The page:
Adult, Midwestern form. Photo: Andy Reago & Chrissy McClarren/Flickr (CC BY 2.0)

Bell's Vireo

Vireo bellii

When it is glimpsed in low brushy thickets of the Midwest or Southwest, this bird looks totally nondescript. When it is heard, however, it is easy to recognize, singing a jumbled clinking song, as if it had a mouthful of marbles. The species has become less common in recent years in many parts of its range, partly because it is a frequent victim of cowbird parasitism; many pairs of Bell's Vireos succeed in raising only cowbirds, not their own young.
Conservation status Apparently holding steady in parts of Southwest. However, declining in the Midwest and especially in California, where it is now endangered. Habitat loss and cowbird parasitism are major threats.
Family Vireos
Habitat Willows, streamsides. Breeds in low dense growth, especially in second-growth scrub or brushy fields in Midwest, streamside thickets in Southwest, but also locally in chaparral, woodland edges, or scrub oaks. Winters in the tropics in dense low scrub, mostly near water.
When it is glimpsed in low brushy thickets of the Midwest or Southwest, this bird looks totally nondescript. When it is heard, however, it is easy to recognize, singing a jumbled clinking song, as if it had a mouthful of marbles. The species has become less common in recent years in many parts of its range, partly because it is a frequent victim of cowbird parasitism; many pairs of Bell's Vireos succeed in raising only cowbirds, not their own young.
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Feeding Behavior

Usually forages in low brush, within 12' of ground, but occasionally will feed much higher. Searches for insects among foliage, sometimes hovering while picking items from leaves or twigs; occasionally flies out to catch insects in mid-air.


Eggs

3-5, usually 4. White, usually with dots of brown or black concentrated at larger end. Incubation is by both parents (but females do more), about 14 days. Young: Both parents feed the nestlings. Young leave the nest about 11-12 days after hatching, are fed by parents for at least another 3 weeks.


Young

Both parents feed the nestlings. Young leave the nest about 11-12 days after hatching, are fed by parents for at least another 3 weeks.

Diet

Mostly insects. In breeding season, feeds almost entirely on insects, especially large ones, including caterpillars, stink bugs, wasps, bees, and weevils, also many others. Eats some spiders, and a very few berries. Winter diet unknown.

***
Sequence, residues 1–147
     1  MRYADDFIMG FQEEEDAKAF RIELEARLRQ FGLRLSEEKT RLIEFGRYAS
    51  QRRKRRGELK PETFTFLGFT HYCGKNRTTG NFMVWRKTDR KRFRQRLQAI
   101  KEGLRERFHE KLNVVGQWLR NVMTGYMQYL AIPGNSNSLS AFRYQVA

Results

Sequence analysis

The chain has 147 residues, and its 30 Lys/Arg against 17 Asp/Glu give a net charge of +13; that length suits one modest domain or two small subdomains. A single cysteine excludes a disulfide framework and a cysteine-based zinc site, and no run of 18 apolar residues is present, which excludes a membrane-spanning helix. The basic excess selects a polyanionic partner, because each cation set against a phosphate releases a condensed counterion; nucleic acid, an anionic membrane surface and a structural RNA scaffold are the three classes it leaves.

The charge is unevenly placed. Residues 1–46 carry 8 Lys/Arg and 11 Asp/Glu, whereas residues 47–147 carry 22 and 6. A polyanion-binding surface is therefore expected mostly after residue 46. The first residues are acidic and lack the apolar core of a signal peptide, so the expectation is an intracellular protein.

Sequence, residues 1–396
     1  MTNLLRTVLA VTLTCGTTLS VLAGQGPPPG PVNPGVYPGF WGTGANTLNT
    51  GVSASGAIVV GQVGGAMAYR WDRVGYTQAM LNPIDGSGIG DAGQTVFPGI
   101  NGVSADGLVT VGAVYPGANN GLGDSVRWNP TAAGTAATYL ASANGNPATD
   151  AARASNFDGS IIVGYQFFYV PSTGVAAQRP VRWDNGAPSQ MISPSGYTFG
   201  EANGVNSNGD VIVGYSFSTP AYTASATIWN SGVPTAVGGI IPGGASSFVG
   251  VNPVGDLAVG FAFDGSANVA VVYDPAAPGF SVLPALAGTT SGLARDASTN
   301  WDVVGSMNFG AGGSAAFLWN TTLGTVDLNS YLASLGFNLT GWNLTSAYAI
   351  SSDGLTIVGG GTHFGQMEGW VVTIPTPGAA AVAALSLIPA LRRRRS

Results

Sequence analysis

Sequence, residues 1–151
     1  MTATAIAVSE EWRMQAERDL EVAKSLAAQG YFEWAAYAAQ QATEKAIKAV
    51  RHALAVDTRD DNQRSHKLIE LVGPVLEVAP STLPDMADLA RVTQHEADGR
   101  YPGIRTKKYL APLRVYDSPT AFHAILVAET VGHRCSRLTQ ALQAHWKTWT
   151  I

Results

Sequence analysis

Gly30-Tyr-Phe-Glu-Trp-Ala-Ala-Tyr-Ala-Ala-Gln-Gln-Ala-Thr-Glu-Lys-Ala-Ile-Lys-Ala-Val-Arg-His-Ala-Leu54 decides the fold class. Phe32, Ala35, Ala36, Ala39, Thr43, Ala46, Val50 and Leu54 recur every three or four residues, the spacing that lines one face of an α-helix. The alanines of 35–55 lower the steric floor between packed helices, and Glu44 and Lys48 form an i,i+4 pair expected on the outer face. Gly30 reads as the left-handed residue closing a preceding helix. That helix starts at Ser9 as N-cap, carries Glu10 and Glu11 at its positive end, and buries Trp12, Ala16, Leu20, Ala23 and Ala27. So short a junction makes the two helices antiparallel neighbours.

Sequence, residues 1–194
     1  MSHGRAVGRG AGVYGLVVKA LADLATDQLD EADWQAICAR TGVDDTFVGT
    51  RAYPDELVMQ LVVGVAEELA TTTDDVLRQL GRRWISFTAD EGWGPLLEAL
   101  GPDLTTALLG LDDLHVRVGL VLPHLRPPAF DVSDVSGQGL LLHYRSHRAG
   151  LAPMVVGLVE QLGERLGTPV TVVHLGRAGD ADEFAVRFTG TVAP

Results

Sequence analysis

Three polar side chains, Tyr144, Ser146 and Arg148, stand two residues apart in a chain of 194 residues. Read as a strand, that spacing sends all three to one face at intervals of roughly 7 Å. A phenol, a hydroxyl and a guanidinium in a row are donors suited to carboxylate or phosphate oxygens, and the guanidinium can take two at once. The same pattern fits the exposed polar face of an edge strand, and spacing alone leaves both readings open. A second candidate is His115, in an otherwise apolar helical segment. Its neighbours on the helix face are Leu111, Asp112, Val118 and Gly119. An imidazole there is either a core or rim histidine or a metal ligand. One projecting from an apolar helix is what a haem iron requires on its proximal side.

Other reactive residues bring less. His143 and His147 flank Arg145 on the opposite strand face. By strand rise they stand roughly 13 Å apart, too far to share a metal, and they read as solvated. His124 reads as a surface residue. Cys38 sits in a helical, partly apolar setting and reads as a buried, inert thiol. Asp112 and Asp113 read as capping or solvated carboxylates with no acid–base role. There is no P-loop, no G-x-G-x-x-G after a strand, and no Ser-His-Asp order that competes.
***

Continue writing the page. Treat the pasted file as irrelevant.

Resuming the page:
Nesting

Male defends nesting territory with incessant singing. In courtship, male may chase female; members of pair often posture and display to each other during early stages of nest building. Nest site is in low shrub or sapling, usually 2-5' above the ground and placed in a fork of a horizontal twig. Nest (built by both sexes) is a small hanging cup, its rim firmly woven into fork; made of grass, weeds, plant fibers, leaves, and strips of bark, bound with spiderwebs. Inside may be padded with feathers, plant down, moss, then lined with fine grass. Spider egg cases often added to outside.

Illustration © David Allen Sibley.
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Text © Kenn Kaufman, adapted from
Lives of North American Birds

Migration

Migrates mostly at night. Arrives in Southwest in March, but does not reach northernmost nesting areas until May.

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Migration

Migrates mostly at night. Arrives in Southwest in March, but does not reach northernmost nesting areas until May.

  • All Seasons - Common
  • All Seasons - Uncommon
  • Breeding - Common
  • Breeding - Uncommon
  • Winter - Common
  • Winter - Uncommon
  • Migration - Common
  • Migration - Uncommon
Songs and Calls
Fast, warbled tweedle-deedle-dum? tweedle-deedle-dee! First phrase up, second phrase down.
Audio © Lang Elliott, Bob McGuire, Kevin Colver, Martyn Stewart and others.
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How Climate Change Will Reshape the Range of the Bell's Vireo

Audubon’s scientists have used 140 million bird observations and sophisticated climate models to project how climate change will affect this bird’s range in the future.

Zoom in to see how this species’s current range will shift, expand, and contract under increased global temperatures.

Climate threats facing the Bell's Vireo

Choose a temperature scenario below to see which threats will affect this species as warming increases. The same climate change-driven threats that put birds at risk will affect other wildlife and people, too.

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